Advertisement

Molecular and morphological evidence supports the species status of the Mahachai fighter Betta sp. Mahachai and reveals new species of Betta from Thailand

Authors

  • N. Sriwattanarothai,

    1. Institute for Innovative Learning, Mahidol University, 999 Phuttamonthon 4 Road, Salaya, Nakhon Pathom 73170, Thailand
    Search for more papers by this author
  • D. Steinke,

    1. Canadian Centre for DNA Barcoding, Biodiversity Institute of Ontario, University of Guelph, 50 Stone Road E, Guelph, Ontario, N1G2W1 Canada
    Search for more papers by this author
  • P. Ruenwongsa,

    1. Institute for Innovative Learning, Mahidol University, 999 Phuttamonthon 4 Road, Salaya, Nakhon Pathom 73170, Thailand
    Search for more papers by this author
  • R. Hanner,

    1. Canadian Centre for DNA Barcoding, Biodiversity Institute of Ontario, University of Guelph, 50 Stone Road E, Guelph, Ontario, N1G2W1 Canada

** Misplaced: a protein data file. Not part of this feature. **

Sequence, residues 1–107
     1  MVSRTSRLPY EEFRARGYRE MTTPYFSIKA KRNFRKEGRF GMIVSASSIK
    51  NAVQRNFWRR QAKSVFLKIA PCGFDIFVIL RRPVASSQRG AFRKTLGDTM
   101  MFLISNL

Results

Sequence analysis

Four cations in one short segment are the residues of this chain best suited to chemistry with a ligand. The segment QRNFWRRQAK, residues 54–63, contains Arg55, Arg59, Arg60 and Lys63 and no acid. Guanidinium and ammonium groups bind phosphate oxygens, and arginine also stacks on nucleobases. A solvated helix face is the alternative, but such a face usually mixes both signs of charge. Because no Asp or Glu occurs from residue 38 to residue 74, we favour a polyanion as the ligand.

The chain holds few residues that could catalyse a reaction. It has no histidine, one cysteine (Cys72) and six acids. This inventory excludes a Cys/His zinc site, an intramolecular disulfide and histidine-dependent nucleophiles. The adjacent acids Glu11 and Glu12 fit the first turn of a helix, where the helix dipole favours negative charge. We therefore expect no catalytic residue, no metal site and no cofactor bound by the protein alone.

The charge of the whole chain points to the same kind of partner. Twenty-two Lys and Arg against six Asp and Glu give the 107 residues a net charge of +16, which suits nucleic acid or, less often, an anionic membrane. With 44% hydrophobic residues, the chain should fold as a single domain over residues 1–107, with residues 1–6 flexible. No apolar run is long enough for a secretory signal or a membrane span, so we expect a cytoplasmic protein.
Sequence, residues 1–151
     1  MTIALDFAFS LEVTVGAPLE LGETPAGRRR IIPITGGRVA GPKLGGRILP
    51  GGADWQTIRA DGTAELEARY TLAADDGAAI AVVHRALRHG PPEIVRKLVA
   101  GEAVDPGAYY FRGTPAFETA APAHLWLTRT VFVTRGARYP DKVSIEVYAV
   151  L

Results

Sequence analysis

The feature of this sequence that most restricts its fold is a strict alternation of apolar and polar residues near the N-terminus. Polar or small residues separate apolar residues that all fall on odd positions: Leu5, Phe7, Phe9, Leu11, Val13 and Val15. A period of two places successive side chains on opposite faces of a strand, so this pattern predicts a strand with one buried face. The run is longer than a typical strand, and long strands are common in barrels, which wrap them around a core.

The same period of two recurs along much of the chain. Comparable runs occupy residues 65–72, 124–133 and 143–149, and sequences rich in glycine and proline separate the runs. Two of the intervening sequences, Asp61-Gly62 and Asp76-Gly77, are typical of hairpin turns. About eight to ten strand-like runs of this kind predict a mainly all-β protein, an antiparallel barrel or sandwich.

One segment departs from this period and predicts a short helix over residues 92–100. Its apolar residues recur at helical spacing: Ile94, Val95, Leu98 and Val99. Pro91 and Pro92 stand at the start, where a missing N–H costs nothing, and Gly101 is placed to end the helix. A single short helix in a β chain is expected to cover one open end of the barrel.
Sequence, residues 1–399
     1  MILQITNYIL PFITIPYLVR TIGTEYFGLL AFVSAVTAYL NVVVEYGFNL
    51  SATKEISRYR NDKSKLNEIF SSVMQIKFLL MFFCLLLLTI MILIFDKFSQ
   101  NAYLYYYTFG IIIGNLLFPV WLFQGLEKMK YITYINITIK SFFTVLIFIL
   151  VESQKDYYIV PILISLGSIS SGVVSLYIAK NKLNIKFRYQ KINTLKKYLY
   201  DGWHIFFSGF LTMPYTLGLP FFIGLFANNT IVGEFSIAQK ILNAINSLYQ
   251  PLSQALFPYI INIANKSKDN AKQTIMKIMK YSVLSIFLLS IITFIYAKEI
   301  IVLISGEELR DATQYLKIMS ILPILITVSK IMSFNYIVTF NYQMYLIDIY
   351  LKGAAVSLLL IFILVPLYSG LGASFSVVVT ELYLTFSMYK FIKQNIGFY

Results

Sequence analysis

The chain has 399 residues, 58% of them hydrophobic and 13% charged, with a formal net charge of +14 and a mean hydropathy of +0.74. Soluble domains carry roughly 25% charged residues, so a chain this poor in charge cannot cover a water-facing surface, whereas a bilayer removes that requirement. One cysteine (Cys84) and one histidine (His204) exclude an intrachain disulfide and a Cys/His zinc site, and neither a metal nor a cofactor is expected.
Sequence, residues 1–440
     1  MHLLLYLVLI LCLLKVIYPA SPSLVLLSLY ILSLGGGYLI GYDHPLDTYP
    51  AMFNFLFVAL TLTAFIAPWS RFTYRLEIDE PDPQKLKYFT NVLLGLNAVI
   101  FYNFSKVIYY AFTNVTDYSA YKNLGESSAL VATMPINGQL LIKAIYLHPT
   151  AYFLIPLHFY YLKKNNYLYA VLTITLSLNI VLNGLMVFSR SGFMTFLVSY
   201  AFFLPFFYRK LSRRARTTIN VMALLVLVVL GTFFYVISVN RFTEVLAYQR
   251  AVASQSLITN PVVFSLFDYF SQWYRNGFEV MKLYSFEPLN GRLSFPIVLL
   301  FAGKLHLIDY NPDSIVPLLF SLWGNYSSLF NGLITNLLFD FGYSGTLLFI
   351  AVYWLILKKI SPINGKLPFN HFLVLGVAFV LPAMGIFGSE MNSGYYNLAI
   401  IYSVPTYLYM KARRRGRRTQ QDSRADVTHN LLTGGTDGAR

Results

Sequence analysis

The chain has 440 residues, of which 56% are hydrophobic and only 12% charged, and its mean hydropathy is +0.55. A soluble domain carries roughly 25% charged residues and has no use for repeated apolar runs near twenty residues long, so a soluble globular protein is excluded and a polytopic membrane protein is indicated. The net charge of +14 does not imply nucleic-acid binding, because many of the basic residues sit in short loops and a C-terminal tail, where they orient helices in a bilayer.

Search for more papers by this author
  • B. Panijpan

    Corresponding author
    1. Institute for Innovative Learning, Mahidol University, 999 Phuttamonthon 4 Road, Salaya, Nakhon Pathom 73170, Thailand
      Tel.: +66 2 4419020 ext. 1301; fax: +66 2 4410479; email: scbpn@mahidol.ac.th
    Search for more papers by this author

Tel.: +66 2 4419020 ext. 1301; fax: +66 2 4410479; email: scbpn@mahidol.ac.th

Abstract

Two regions of mitochondrial (mt) DNA, cytochrome c oxidase subunit 1 (COI) and 16S rRNA, were sequenced in nine species of Betta from Thailand and Indonesia. Most species showed little intraspecific COI variation (adjusted mean = 0·48%) including the putative species Betta sp. Mahachai, but one species (Betta smaragdina) included three lineages showing much greater divergence (7·03–13·48%) that probably represent overlooked species. These findings were confirmed by maximum likelihood analysis and Bayesian inference, which revealed well-supported corresponding monophyletic clades. Based on these results and morphological differences, the putative species Betta sp. Mahachai from central Thailand is a species distinct from other members of the B. splendens group and represents a new and hitherto undescribed species. Furthermore, this study also demonstrated the probable existence of two overlooked Betta species found in the Khorat plateau basin, illustrating the utility of mitochondrial genetic markers in the revelation of overlooked diversity.

Ancillary